From there, we were lead to a large lecture hall and all songwriters were gathering to hear the next phase of the competition. There were performers everywhere too – many with their cases open, guitars in their laps and deeply focused on last minute rehearsals of lyrics and harmonies in preparation for the competition.

There must have been 30 people inside the waiting area when Grammy Award winning songwriter Jim Lauderdale entered the room.

Jim is a terrific representative of the Americana genre. We first met at Music City Roots last Summer and he surprised me then with his humility and genuine interest of all artists. He’s a regular performer at Bristol Rhythm and Roots too and one of those guys that makes you feel…real. In fact, he introduced himself to everyone in the room.

After a few last minute details with organizers, Jim encouraged everyone to realize that they were all winners and no matter who wins, “songwriting is one of the most important things in the world because it heals people.”

We were introduced to the competition organizer who shared the stage lineup and a few words from the stage manager and within minutes, we were all calming the anxiety and getting ready for the 3.00 showtime.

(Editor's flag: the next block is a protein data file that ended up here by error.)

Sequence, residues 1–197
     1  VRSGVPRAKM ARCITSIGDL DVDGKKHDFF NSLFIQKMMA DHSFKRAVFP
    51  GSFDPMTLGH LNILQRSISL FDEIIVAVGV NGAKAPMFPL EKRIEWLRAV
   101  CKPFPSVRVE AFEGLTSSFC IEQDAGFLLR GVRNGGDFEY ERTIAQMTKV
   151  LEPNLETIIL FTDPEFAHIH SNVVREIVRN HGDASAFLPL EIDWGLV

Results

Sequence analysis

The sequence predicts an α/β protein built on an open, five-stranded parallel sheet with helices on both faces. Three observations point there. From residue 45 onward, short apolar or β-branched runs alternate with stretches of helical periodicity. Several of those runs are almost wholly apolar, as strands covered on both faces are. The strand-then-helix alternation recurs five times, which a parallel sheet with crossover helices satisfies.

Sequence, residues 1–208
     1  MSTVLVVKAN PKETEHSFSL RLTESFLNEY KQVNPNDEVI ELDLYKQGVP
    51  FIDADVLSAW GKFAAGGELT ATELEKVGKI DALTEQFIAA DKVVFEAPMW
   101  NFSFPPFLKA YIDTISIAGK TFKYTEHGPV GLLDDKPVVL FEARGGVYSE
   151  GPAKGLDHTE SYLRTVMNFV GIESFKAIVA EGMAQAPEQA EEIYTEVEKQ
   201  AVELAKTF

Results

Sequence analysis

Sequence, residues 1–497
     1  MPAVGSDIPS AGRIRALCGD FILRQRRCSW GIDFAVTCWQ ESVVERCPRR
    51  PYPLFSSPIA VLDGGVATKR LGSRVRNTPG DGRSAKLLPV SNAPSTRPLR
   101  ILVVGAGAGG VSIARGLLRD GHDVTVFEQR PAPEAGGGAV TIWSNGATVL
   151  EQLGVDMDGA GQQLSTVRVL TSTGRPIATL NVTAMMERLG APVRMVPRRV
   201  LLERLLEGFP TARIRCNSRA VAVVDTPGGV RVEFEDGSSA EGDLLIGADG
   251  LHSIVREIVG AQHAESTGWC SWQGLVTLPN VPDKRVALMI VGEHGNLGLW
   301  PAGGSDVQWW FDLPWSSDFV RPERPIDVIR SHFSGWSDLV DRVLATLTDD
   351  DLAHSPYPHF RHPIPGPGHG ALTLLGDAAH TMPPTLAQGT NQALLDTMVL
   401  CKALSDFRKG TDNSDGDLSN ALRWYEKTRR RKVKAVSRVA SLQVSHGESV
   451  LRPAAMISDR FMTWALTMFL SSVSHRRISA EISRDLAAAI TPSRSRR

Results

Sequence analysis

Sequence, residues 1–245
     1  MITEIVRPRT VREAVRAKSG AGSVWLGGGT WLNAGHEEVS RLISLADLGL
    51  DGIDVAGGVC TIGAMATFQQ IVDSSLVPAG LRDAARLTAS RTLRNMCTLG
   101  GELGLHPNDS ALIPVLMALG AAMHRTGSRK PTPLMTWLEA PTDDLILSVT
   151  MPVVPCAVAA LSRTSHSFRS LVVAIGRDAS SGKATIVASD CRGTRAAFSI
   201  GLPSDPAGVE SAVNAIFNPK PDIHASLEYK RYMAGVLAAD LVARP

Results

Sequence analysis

The songwriting competition was held in a large auditorium and as I moved around a little early to setup my piano behind the stage, there must have been 300 or more people already seated for this event. The stage was set, the lights were ready and like clockwork, the performances began right on time.

The stage managers had everything moving quickly too. Jim introduced the first act and each songwriter were given a couple of minutes to setup, a few minutes to play their song before the judges out front and on to the next.

My estimates were about 12 songwriters were performing that day. From Bluegrass, Gospel and Country, each artist had a few minutes under the lights and left the stage with applause as the judges scored their cards.

One my favorite memories of this event was watching Daniel walk around with his Hummingbird Gibson warming up with “Homesick.” He was finishing up the lyric and Elliot Bronson from Atlanta, Georgia walked up to Daniel to compliment him on his work. Elliot was competing with Daniel in the same category with a song called “Sad Town.” He would go on to place first, but his kindness and character will long be remembered for that moment.

By the time they called Daniel to the stage, I managed a lifetime record for getting my piano ready. A few guys helped me get it on stage and within two minutes, I was playing along in D minor as we began the 6/8 time of “Homesick.” And just like that, we were finished. Applause – exit stage left.

After our performance, I listened to several songwriters get ready in the hall and many others from the back of the auditorium and Jim was right. There were no losers this day. The mere fact they were finalists in this competition was quite the honor.